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ATLAS

THE DREAMS ISSUE VOLUME ONE / ISSUE TWO / WINTER 2012


CONTENTS 004. FOREWORD

096. LUCID DREAMS

A NOTE FROM THE EDITOR

PHOTOGRAPHED BY YAI VU

PHOTOGRAPHED BY ELLIN ANDEREGG

104. NOT FOR THE FAINT OF HEART

016. DREAMING LIKE A QUEEN

PHOTOGRAPHED BY MICHELLE ATKINSON

008. THE BUTTERFLY EFFECT

024. DAYDREAMS

106. TEYE GERBRACHT’S DREAMS

PHOTOGRAPHED BY JOSE PABLO ANLEU

PHOTOGRAPHED BY TEYE GERBRACHT

030. INSIDE/OUT

116. DREAMS

PHOTOGRAPHED BY MAXIME CARDOLL

WRITTEN BY ANUPA GHOSH

036. YOU MAKE ME WANNA...

118. MOON

ILLUSTRATIONS BY OLYA CHERNKOVA

WRITTEN BY ASHLEE GUEVARA

040. RUN AWAY WITH ME

120. BLADES OF GRASS

PHOTOGRAPHED BY KASSIDY YANG

WRITTEN BY FATEMA KAGALWALA

046. ENCHANTED

128. THAT MOMENT

PHOTOGRAPHED BY KIARA ROSE

WRITTEN BY ADAM JONES

054. THE IDENTICAL DREAM

130. A FAR AWAY LAND

PHOTOGRAPHED BY JOSEPHINE PENEFF

PHOTOGRAPHED BY CRAIG JONATHAN REEKIE

058. SPREAD YOUR WINGS PHOTOGRAPHED BY SOPHIE KAHLENBERG

064. FRAILTY WRITTEN BY NIKITA AUBE

066. WINTER DREAMS PLAYLIST 070. TRAILS CREATED BY JACOB BAILES

076. A NEW DAWN PHOTOGRAPHED BY JUSTIN BOLIDEAU

082. A SIMPLE FREEDOM PHOTOGRAPHED BY SOPHIA DO

088. ILLUSTRATIONS BY ANNA BLACHUT

090. JUNE CARAVEL INTERVIEW WITH A MUSICIAN

PHOTOGRAPHED BY LYNN ROMIJN

138. A DREAM OF SISTERS

PHOTOGRAPHED BY THOMAS COLE SIMMONDS

148. DAYDREAMS AND NIGHT TERRORS PHOTOGRAPHED BY BRYCE EVANS

158. A LIFE CROSSING WRITTEN BY JESSICA HAY

162. FOLLOWING THE SUN PHOTOGRAPHED BY EVIE PARAZITE

172. SWEET NOSTALGIA PHOTOGRAPHED BY AIMEE STODDART

180. JOHN MCGOUGH INTERVIEW WITH A MUSICIAN

184. SUSANNA COLE KING INTERVIEW WITH AN ARTIST


190. STEPPING INTO THE REALM OF THE SUN PHOTOGRAPHED BY BARBARA LOISCH

198. MAYA KULENOVIC INTERVIEW WITH AN ARTIST

21. PASTEL LACE PHOTOGRAPHED BY JAIME DE LEEUW

214. ESCAPING THE GRAY WRITTEN BY LISA ZIMMERMANN

218. EDEN GREY INTERVIEW WITH A MUSICIAN

222. JORDAN DE RUITER

INTERVIEW WITH A FASHION DESIGNER

230. EDAS JEWELLERY DESIGNER 236. ETHEREAL SUMMER PHOTOGRAPHED BY RAE MARSHALL

STAFF MEGAN BREUKELMAN EDITOR-IN-CHIEF

OLIVIA BOSSERT ORGANIZATION COORDINATOR

KIARA ROSE PHOTOGRAPHY COORDINATOR

ALEXIS CATALDO ARTICLE COORDINATOR

THE COVER photographed by Aisha Tasveer

RONNIELLE KARIFOL ARTS COORDINATOR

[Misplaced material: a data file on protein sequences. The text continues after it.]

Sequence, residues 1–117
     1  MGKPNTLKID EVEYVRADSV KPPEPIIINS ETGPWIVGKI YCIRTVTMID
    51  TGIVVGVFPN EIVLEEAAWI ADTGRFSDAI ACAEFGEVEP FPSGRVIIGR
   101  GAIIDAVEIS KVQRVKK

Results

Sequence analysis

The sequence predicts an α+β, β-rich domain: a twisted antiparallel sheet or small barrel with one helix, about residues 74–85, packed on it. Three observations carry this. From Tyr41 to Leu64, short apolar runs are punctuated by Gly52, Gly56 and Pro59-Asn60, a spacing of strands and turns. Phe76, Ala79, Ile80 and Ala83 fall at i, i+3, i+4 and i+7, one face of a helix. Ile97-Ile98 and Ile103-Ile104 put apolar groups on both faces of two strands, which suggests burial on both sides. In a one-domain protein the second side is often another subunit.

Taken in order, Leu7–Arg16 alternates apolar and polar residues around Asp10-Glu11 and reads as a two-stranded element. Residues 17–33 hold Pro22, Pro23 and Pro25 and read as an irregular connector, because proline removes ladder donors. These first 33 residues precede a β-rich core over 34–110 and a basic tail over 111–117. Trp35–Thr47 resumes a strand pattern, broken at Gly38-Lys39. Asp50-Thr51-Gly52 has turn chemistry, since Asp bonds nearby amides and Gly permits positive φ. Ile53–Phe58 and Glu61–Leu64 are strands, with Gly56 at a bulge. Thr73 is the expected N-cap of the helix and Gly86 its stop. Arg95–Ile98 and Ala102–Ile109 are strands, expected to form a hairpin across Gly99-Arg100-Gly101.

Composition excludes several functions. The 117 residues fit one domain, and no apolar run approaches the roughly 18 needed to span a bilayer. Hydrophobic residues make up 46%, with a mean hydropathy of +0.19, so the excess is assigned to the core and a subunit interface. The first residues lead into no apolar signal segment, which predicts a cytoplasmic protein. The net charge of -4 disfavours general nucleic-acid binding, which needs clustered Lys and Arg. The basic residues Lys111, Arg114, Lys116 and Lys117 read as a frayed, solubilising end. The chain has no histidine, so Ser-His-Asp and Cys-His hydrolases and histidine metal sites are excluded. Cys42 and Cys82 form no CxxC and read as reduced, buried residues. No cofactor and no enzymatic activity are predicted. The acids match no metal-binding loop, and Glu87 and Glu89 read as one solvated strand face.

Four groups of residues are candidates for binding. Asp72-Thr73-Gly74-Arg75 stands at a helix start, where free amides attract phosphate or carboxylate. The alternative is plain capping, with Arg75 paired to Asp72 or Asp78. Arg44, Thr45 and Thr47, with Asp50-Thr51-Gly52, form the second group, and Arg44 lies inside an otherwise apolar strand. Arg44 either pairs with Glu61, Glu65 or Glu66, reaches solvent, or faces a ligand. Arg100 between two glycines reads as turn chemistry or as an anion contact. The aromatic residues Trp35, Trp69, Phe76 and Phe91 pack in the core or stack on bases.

ELISA NYASSOM WRITING COORDINATOR

PHOTOGRAPHED BY VALENTINA VERDESCA


THE DREAMS ISSUE a note from the editor

It’s the most wonderful time of the year - time for Atlas Magazine’s Winter issue, that is. The year is coming to a wonderful close, so we thought a fitting theme for this issue would be dreams. Every year begins with them; dreams of what is to come of the new year, resolutions, fresh starts. At the end of the day, aren’t our dreams the only thing we have to hold on to? This issue is filled to the brim with talent in all areas of the arts. Our newest feature to Atlas has been the addition of music features; this issue hosts interviews with talented musicians and as well, we’ve put together our own Winter playlist for you to drift through the season with. The end of a year and the beginning of a new one are often a very busy time, and we hope this issue will take you away from the hustle and bustle of your daily life to add a relaxing dose of beauty to your day. Our staff has worked so hard over the past few months putting this together. We went through redesigns and so many amazing submissions, hoping to present only the best to our readers. Thank you for reading Atlas Magazine, and never stop dreaming.

Megan Breukelman Editor-in-Chief


PHOTOGRAPHED BY VALENTINA VERDESCA


PHOTOGRAPH BY MARIA MARTELLI


DAYDREAMS BY JOSE PABLO ANLEU


PHOTOGRAPHY: MAXIME CARDOL MODEL: HANNE SPONSELEE STYLING: MAXIME CARDOL & HANNE SPONSELEE MUA: HANNE SPONSELEE


PHOTOGRAPHED BY LEANNE SURFLEET


BY OLYA CHERNIKOVA


RUN AWAY WITH ME PHOTOGRAPHED BY KASSIDY YANG hair and makeup: Jeslin Koller model: Tam @ Division Models creative director & stylist: Jiva Cory